The List Universe has, among many other lists, picked out 15 great alcoholics, who also happened to be writers. The list includes Truman Capote, Hunter S. Thompson, and, of course, Ernest Hemingway. Dorothy Parker is the only woman, but perhaps that’s a reflection of history’s attitude to women writers. Or maybe Austen and the Brontes’ were just better at acting sober.
It’s funny how writing and alcohol abuse seem (sometimes!) to go hand in hand. The mind-expanding, tongue-loosening, writer’s-block-unblocking properties of alcohol have been written on elsewhere, but this list reminded me of the relationship between good writing and unhappiness. I’m thinking of alcohol as the great self-medicator, for depressives everywhere.
Great works so often seem to come from a place of wretchedness, of striving, searching and trying hard for something more. You don’t feel the urge to try so hard when you’re happy. Being completely at peace with the world is usually antithetical to the kind of impassioned, subversive, even antagonistic writing so often classed as ‘great’.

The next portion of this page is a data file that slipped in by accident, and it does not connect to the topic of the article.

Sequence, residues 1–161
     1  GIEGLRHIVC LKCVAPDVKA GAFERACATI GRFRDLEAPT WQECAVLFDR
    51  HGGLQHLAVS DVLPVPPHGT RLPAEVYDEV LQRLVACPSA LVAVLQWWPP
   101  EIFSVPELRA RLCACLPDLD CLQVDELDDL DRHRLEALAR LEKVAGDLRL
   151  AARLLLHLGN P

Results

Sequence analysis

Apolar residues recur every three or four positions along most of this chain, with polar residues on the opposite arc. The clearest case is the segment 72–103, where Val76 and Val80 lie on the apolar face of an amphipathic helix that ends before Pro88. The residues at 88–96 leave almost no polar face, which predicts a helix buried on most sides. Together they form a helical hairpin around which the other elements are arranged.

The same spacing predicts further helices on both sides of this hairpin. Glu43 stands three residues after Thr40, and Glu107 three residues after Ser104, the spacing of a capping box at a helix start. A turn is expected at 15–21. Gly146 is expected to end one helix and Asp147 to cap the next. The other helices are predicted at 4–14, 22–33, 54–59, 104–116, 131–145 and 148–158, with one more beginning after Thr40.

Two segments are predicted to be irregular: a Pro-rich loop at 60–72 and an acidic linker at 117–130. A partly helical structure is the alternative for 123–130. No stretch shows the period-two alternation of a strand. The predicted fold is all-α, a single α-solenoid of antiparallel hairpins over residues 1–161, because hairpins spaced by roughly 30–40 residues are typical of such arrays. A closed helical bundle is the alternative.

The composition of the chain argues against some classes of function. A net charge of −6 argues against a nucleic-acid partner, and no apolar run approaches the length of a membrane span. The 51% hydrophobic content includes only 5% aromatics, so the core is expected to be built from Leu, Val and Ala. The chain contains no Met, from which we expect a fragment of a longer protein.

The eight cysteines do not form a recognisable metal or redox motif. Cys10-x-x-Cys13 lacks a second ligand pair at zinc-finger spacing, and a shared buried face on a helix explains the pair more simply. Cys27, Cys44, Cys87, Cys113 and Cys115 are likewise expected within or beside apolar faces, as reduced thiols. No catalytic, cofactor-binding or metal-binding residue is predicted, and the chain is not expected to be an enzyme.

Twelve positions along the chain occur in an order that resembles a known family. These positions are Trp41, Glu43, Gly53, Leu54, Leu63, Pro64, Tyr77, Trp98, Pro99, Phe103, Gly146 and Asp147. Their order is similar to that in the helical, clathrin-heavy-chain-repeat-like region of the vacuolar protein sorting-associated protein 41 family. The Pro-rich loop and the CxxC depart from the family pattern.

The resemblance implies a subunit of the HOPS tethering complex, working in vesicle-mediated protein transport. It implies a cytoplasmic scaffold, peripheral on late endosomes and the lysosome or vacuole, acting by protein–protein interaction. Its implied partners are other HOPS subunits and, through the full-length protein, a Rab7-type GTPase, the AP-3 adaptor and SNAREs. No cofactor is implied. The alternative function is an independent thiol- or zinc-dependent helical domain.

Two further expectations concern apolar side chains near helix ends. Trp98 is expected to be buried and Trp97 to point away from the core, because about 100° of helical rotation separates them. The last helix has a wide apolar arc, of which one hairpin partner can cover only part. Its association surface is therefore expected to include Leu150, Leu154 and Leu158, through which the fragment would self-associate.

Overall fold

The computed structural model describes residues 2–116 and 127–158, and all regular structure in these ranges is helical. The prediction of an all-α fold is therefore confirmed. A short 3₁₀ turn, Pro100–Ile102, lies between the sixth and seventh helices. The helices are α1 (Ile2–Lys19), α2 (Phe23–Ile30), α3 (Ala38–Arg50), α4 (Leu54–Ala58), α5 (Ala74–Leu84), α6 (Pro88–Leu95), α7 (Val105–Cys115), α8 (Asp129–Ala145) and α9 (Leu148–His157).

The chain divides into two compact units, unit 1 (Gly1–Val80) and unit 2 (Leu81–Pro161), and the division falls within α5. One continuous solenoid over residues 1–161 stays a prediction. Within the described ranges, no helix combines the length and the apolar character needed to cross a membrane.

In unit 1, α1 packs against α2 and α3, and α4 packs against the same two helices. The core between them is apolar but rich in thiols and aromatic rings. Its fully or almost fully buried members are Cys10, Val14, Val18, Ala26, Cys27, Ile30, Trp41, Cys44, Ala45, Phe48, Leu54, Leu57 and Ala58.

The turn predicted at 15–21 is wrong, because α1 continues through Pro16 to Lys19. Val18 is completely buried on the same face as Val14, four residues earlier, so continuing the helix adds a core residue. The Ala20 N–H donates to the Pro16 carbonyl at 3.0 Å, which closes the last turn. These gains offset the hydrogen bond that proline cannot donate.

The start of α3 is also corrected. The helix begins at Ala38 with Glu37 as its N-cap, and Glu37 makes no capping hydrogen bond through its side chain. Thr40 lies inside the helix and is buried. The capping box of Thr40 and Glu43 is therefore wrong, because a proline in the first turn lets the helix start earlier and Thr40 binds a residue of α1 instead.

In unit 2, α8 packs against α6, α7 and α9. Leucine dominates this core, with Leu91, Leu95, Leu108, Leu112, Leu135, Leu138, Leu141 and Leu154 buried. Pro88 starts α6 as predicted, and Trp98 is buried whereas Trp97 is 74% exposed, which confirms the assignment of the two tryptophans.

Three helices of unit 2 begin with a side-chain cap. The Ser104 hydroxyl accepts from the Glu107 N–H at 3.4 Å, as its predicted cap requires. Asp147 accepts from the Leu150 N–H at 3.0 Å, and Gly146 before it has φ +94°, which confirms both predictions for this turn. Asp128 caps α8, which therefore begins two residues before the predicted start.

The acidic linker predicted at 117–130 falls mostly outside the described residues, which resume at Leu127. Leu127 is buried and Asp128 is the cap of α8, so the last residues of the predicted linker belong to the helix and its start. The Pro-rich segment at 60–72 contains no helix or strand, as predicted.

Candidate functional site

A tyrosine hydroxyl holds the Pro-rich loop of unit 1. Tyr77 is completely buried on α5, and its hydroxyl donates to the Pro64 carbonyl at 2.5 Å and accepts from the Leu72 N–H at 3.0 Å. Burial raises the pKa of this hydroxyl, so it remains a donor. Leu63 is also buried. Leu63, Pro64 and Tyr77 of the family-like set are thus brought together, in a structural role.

Not that every writer should develop a drink problem to improve their writing. Just the opposite: I need to concentrate just to hold a glass when I’ve had a few, so who knows how these literary mavens managed to hold a pen or operate a typewriter once they got sauced.
But blind happiness probably isn’t that helpful if you’re trying to write an opus full of the kind of passion that makes a book memorable, as opposed to the indifferent drek available in bookstores. Take a break and watch the news. Go online and look up animal cruelty, or child trafficking. Find something that makes you passionately angry, or just passionate, and go back to your computer determined to write something that will change someone’s mind.